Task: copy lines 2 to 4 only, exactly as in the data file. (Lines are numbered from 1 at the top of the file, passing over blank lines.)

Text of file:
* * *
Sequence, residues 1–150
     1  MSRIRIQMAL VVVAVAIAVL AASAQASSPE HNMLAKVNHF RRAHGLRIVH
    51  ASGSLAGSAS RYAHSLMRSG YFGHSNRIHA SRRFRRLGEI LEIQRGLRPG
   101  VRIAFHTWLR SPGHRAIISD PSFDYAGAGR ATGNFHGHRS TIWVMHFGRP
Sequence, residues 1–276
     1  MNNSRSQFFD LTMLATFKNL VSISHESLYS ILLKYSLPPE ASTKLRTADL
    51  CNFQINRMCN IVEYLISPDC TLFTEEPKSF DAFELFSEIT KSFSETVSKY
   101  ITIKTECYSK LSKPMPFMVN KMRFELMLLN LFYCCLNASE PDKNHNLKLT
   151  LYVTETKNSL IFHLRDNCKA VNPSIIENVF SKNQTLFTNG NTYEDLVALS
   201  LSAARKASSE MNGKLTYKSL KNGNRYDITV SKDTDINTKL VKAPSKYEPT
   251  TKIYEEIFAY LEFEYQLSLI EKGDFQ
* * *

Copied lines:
     1  MSRIRIQMAL VVVAVAIAVL AASAQASSPE HNMLAKVNHF RRAHGLRIVH
    51  ASGSLAGSAS RYAHSLMRSG YFGHSNRIHA SRRFRRLGEI LEIQRGLRPG
   101  VRIAFHTWLR SPGHRAIISD PSFDYAGAGR ATGNFHGHRS TIWVMHFGRP